Convert Ounces to Cubic Centimeters (oz to cu cm) [water]▶ Conversion Table
How to convert1 cubic centimeter (cu cm) = 0.035273962 ounce (oz).
Cubic Centimeter (cu cm) is a unit of Volume used in Metric system.
Ounce (oz) is a unit of Weight used in Standard system. Please note this is volume to weight conversion, this conversion is valid only for pure water at temperature 4 °C. Cubic Centimeters  A Unit of VolumeDefinition of the Cubic CentimeterA cubic centimeter (symbol cm3 or cc) is a commonly used unit of volume that corresponds to the volume of a cube with sides of 1 centimeter (0.01 meter) in length. It is also equivalent to 1 milliliter, which is a unit of volume in the metric system. One cubic centimeter is equal to 0.000001 cubic meters, 0.06102374 cubic inches, or 0.000264172 gallons. History of the Cubic CentimeterThe cubic centimeter is derived from the centimeter, which is a unit of length that was introduced in France in 1795 as part of the metric system. The centimeter was defined as one hundredth of a meter, which is the base unit of length in the metric system. The meter was originally defined as one tenmillionth of the distance from the equator to the North Pole along a meridian, but later redefined based on various physical standards, such as a platinumiridium bar and a wavelength of light. The current definition of the meter, adopted in 1983, is based on the speed of light in vacuum. The cubic centimeter was first used as a unit of volume for measuring liquids and gases, such as water, milk, juice, oil, air, and oxygen. The cubic centimeter was also used for measuring some solids, such as sugar, salt, and flour. The cubic centimeter was adopted as a standard unit of measure in many countries that use the metric system, such as France, Germany, Italy, Spain, and Sweden. How to Convert Cubic CentimetersTo convert cubic centimeters to other units of volume, you need to multiply or divide by the appropriate conversion factor. Here are some common conversion factors and examples:
To convert other units of volume to cubic centimeters, you need to divide by the appropriate conversion factor. Here are some common conversion factors and examples:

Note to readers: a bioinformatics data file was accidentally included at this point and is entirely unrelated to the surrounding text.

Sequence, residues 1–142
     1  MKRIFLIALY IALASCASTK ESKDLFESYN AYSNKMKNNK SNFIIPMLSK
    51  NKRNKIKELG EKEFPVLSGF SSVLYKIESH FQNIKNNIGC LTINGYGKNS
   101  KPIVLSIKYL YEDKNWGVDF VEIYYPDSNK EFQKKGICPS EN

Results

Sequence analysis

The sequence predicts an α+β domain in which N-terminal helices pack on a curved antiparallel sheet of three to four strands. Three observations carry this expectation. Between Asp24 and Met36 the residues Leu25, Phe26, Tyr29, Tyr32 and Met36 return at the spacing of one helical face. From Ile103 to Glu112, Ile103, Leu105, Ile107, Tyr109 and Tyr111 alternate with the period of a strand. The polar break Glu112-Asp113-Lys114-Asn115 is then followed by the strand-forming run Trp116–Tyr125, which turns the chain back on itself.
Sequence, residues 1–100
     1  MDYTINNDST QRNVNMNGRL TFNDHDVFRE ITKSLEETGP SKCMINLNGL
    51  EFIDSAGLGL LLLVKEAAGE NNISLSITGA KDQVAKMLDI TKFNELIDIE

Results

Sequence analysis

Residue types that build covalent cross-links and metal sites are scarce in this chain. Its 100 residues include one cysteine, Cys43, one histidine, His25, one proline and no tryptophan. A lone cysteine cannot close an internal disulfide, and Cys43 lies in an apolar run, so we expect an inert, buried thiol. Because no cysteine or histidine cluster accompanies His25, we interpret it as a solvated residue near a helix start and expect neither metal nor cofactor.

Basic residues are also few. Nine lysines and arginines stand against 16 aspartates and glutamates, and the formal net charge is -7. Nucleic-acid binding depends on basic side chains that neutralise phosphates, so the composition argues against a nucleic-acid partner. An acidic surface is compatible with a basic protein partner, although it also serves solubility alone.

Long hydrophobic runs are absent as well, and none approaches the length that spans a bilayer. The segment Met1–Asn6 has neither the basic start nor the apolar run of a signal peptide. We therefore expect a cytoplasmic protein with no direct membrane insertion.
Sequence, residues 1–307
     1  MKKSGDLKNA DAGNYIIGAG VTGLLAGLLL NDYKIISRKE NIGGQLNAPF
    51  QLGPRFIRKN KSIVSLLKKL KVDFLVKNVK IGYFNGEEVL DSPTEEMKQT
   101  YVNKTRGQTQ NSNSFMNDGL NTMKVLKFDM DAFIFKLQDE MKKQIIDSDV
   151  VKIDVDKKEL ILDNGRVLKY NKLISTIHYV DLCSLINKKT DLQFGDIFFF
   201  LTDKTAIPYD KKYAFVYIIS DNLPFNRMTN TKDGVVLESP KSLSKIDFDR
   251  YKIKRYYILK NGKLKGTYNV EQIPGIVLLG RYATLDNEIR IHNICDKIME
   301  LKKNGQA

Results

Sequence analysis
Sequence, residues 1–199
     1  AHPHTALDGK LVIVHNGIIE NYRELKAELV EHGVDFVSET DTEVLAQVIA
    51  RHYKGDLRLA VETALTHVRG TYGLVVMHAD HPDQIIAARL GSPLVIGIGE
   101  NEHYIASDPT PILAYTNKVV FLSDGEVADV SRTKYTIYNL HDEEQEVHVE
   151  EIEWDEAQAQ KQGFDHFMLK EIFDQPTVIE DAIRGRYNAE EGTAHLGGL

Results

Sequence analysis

Where Cubic Centimeters are UsedCubic centimeters are used for measuring various materials and substances in different countries and applications. Some examples are:
Example Conversions of Cubic Centimeters to Other UnitsHere are some example conversions of cubic centimeters to other units of volume:
Definition of the OunceThe ounce is defined differently in different systems of measurement. The most common ounce is the international avoirdupois ounce, which is equal to 28.349523125 grams or 437.5 grains. This is the ounce that is used for most purposes, such as measuring food, postal items, fabric, paper and boxing gloves. The avoirdupois ounce is onesixteenth of an avoirdupois pound, which is defined as 7000 grains. Another ounce is the international troy ounce, which is equal to 31.1034768 grams or 480 grains. This is the ounce that is used for measuring precious metals and gems, such as gold, silver, platinum and diamonds. The troy ounce is onetwelfth of a troy pound, which is defined as 5760 grains. A third ounce is the apothecaries’ ounce, which is also equal to 480 grains, but it is divided into eight drams instead of twelve pennyweights like the troy ounce. The apothecaries’ ounce is used for measuring medicines and drugs. There are also other historical or regional ounces that have different values, such as the Spanish ounce, the French ounce, the Portuguese ounce, the Roman/Italian ounce, the Dutch metric ounce and the Chinese metric ounce. How to Convert OuncesOunces can be converted to other units of weight by using conversion factors or formulas. Here are some examples of how to convert ounces to other units of weight in the US customary system and the SI system:
Where Ounces are UsedOunces are used in different countries and regions for different applications and purposes. Here are some examples of where ounces are used:
History of OuncesOunces have a long history that dates back to ancient times. Here are some highlights of the history of ounces:
Example Conversions of Ounces to Other UnitsHere are some examples of conversions of ounces to other units of weight:
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Cubic Centimeters to Cubic Feet Cubic Centimeters to Cubic Inches Cubic Centimeters to Cubic Millimeters Cubic Centimeters to Fluid Ounces Cubic Centimeters to Grams Cubic Centimeters to Liters Cubic Centimeters to Milliliters Cubic Centimeters to Ounces Cubic Centimeters to Cubic Feet Cubic Centimeters to Cubic Inches Cubic Feet to Cubic Centimeters Cubic Feet to Cubic Inches Cubic Feet to Cubic Yards Cubic Inches to Cubic Centimeters Cubic Inches to Cubic Feet Cubic Meters to Liters Cubic Yards to Cubic Feet Cups to Grams Cups to Grams Cups to Liters Cups to Milliliters Fluid Ounces to Liters Fluid Ounces to Milliliters Fluid Ounces to Ounces Fluid Ounces to Tablespoons Gallons to Liters Liters to Cubic Meters Liters to Cups Liters to Fluid Ounces Liters to Gallons Liters to Milliliters Liters to Pints Liters to Quarts Milliliters to Cups Milliliters to Fluid Ounces Milliliters to Grams Milliliters to Liters Milliliters to Ounces Milliliters to Pints Milliliters to Quarts Pints to Liters Pints to Milliliters Quarts to Kilograms Quarts to Liters Quarts to Milliliters Tablespoons to Fluid Ounces Tablespoons to Teaspoons Teaspoons to Tablespoons 
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